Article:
'It affects everybody': Vancouverites protest Hong Kong extradition bill
The proposed bill would send suspects to mainland China, where the legal system is not transparent
A massive protest in Hong Kong against a proposed extradition bill has sparked similar protests around the world, including one in Vancouver.
Hundreds of thousands of people marched through Hong Kong Sunday to voice opposition to government-sponsored legislation that would allow people to be extradited to mainland China to face charges.
Police estimated the crowd at 240,000 but protest organizers said more than one million people took part.
In Vancouver, hundreds of protesters gathered in solidarity Sunday morning outside the Consulate General of the People's Republic of China.
The proposed bill would send suspects to mainland China, where the legal system is not transparent.
Protester Bill Chu said everyone should be concerned about this bill because it affects everyone who goes to Hong Kong — even if they're just passing through the airport.
"This law is going to impose something which Canadians are not familiar with, which is someone [having] a hammer over your head," Chu said.
"They can just grab you because you're reporting something they don't like. It endangers not just Chinese, it affects everybody."
Alan Chan, a 14-year-old student in Vancouver who is from Hong Kong, said he is concerned the proposed bill targets those who oppose the sitting government.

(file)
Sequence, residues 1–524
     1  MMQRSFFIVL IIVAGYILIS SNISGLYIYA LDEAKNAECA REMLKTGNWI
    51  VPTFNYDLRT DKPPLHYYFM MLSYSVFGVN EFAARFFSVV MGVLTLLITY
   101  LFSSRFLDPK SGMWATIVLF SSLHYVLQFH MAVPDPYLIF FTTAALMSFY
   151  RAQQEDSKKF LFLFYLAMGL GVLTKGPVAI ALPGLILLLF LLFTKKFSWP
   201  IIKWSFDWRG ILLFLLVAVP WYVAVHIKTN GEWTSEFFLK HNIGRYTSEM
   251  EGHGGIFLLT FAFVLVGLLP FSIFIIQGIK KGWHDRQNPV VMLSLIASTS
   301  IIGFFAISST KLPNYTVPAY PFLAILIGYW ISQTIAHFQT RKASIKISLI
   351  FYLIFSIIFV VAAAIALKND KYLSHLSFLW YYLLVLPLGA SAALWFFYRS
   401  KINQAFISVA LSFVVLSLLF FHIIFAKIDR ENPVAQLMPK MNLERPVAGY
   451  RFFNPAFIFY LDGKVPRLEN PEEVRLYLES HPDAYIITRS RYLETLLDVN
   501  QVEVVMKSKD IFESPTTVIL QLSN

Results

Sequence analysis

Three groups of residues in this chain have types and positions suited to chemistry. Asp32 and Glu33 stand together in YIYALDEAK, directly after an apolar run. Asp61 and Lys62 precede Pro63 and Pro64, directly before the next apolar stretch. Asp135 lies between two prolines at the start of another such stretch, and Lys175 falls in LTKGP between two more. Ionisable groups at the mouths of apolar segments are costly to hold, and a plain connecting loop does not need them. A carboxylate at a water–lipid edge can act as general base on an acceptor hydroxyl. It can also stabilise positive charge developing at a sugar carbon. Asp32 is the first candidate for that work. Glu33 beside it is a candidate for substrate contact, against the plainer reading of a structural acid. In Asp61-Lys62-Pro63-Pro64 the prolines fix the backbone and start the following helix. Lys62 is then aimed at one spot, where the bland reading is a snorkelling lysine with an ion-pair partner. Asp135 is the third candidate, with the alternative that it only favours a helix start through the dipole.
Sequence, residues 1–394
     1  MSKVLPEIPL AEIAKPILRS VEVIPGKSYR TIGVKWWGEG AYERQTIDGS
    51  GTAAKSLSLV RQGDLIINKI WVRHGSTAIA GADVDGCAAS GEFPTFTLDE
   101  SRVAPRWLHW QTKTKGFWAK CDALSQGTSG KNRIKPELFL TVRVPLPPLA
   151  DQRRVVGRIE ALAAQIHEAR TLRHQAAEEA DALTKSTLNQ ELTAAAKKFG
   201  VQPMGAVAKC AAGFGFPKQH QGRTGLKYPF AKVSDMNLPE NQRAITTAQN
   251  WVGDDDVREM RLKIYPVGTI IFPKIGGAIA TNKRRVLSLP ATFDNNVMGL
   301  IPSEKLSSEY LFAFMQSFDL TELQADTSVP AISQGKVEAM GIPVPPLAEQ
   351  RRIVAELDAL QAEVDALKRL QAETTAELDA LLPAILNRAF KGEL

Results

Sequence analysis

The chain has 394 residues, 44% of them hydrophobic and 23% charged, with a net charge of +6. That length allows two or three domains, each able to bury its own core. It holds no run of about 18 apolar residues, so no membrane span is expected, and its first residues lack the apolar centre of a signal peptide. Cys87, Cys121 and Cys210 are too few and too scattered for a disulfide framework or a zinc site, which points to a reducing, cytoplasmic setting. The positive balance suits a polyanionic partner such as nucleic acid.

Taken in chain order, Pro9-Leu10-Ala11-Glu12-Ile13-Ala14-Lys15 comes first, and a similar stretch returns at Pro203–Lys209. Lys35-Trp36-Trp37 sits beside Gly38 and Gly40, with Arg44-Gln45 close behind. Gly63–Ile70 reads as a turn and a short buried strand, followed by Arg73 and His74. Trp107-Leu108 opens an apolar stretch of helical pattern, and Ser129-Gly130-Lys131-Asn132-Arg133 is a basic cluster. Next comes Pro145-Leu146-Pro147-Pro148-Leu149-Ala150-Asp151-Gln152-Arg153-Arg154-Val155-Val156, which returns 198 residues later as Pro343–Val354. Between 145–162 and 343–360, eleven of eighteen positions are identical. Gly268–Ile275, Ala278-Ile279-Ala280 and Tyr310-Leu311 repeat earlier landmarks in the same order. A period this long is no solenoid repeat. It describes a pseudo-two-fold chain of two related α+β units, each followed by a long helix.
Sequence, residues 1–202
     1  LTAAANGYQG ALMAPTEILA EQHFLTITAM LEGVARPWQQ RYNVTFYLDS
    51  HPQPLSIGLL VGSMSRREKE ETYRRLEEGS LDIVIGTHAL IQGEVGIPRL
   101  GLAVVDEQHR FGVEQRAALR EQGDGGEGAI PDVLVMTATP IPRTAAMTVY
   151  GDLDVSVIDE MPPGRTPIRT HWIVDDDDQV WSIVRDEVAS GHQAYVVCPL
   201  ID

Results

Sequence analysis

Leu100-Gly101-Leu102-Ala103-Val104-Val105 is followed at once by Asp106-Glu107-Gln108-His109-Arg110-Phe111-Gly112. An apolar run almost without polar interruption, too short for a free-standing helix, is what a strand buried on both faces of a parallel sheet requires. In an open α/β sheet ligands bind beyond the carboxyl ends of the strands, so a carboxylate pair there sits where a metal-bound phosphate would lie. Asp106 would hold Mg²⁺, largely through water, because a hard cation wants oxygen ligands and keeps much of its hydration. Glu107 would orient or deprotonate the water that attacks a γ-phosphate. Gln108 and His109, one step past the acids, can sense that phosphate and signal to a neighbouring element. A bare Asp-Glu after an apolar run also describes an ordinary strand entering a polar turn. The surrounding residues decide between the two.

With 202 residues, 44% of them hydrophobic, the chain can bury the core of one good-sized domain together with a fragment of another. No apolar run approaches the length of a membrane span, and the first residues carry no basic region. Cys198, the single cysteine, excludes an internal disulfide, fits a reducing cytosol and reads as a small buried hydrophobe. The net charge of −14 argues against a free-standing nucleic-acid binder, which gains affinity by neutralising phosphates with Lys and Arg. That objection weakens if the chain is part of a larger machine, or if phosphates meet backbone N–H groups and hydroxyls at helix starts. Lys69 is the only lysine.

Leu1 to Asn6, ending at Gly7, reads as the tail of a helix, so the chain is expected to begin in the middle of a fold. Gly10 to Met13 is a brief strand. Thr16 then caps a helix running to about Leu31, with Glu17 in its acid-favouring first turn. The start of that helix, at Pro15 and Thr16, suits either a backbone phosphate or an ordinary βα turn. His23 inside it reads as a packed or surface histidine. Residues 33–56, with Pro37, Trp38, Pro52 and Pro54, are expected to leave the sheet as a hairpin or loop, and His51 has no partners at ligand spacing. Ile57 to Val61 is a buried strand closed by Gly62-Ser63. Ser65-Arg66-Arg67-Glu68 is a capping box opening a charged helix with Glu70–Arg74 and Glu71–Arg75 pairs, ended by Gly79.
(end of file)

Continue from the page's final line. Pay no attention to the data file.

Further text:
"It's my hometown and I don't want to see it essentially get screwed over by China. I don't want my relatives to get sent to China simply because they don't support the communist party," he said.
'You could quite literally be taken away'
UBC student Anson Cheng is in Hong Kong visiting family and says the mood there is tense — many people see the bill as a way for China to target political enemies, he said.
Cheng said he has not been to a protest, but his family is concerned.
Hong Kong's Legislative Council plans to vote on the bill on Wednesday and Cheng believes it will pass.
He doesn't believe it will affect him much and still plans to visit Hong Kong in the future.
Not everyone will feel so welcome, he said.
"I'm not a big activist, but I can see people that speak a lot of their mind and stuff, those people could be more concerned because there is more reason for China to basically extradite you back to the mainland," he said.
"If the law is passed … people are not going to be willing to speak up. You say something wrong and you could quite literally be taken away."
With files from the Associated Press